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Wearing a red beanie on this still chilly April day in New York, our Urban Adventures guide kicks off our tour with introductions, doing her best to remember everyone’s names. With a two-name first name, Mary Hannah remarks that she sometimes gets called the wrong thing—so it’s always been important to her to remember (and pronounce) names correctly.
We all proceed to do our best pronouncing the name of a Welsh guest before resorting to his nickname.
As our group starts walking, I take in the sights at City Hall Park, which is currently adorned by flowering trees and the fresh green of spring. It feels bright and alive, even as the skies threaten to pour on us any moment.
This beautiful setting is quite a contrast to what the area once was, as we’ll soon learn.
I was hosted by NYC Urban Adventures on this tour. All opinions expressed are my own.
About the Tenements, Tales, and Tastes Tour
The Tenements, Tales, and Tastes tour with NYC Urban Adventures explores what life was like for those on the outer reaches of society: African slaves, the Irish, Chinese, and Eastern European immigrants.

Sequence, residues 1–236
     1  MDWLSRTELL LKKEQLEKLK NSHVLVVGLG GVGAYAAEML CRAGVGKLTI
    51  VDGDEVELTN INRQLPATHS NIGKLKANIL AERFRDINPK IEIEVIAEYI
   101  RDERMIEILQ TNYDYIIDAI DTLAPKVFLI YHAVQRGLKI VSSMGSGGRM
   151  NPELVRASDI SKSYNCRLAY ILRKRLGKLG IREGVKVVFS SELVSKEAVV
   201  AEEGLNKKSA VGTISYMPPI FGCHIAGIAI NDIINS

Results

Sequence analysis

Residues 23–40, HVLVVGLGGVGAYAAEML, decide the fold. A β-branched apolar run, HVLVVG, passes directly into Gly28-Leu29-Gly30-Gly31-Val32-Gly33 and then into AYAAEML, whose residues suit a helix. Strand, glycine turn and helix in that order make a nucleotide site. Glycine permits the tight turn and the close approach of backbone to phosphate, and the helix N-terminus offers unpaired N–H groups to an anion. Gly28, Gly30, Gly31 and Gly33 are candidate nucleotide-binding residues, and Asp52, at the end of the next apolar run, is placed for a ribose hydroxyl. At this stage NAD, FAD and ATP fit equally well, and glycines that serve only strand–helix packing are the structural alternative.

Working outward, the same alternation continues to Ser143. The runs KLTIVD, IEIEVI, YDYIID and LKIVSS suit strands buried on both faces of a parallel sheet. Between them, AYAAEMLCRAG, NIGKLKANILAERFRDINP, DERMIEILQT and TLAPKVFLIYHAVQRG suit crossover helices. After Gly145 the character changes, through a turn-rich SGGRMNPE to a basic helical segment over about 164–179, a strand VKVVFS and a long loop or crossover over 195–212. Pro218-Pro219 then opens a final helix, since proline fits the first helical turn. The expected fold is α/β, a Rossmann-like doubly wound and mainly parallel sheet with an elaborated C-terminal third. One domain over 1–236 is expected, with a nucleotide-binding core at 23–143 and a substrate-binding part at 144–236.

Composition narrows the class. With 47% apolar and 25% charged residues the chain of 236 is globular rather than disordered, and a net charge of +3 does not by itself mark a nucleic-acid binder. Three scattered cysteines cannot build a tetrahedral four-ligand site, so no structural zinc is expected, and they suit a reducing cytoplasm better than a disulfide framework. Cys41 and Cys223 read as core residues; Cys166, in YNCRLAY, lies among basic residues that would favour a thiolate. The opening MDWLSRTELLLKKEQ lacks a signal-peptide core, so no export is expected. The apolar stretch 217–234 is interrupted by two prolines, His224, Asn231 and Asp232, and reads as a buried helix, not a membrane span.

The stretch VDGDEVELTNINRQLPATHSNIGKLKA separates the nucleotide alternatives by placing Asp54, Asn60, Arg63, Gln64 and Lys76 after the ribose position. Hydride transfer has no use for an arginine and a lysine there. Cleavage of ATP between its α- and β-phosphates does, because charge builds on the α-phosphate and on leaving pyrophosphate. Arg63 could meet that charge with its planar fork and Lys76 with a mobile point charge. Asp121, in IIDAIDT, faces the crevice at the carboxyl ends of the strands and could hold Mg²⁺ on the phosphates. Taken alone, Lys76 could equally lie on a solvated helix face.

On this walking food tour, you’ll weave your way through the Lower East Side, Chinatown, and Little Italy, stopping to look at beaver emblems on the sides of buildings, memorials, food carts, and nondescript parks—things that otherwise may not catch your attention unless pointed out to you.
And, of course, you’ll stop for food. There are five tastings throughout the three-hour tour, which I found to be a great pace and balance between eating, walking, and talking.
Keep reading for more details about this food adventure in NYC!Explore New York City's multicultural history on this fascinating (and delicious!) food tour through Lower Manhattan
Walking Food and History Tour: Sneak Peek
New York City Hall Park
The Tenements, Tales, and Tastes tour starts in City Hall Park with good reason: in the 19th and early 20th centuries it was a commons area for people on the fringes of society—the groups that this tour is all about. “We’re going to talk about those people today, and we’re going to tell their story through food,” Mary Hannah tells us as we kick things off.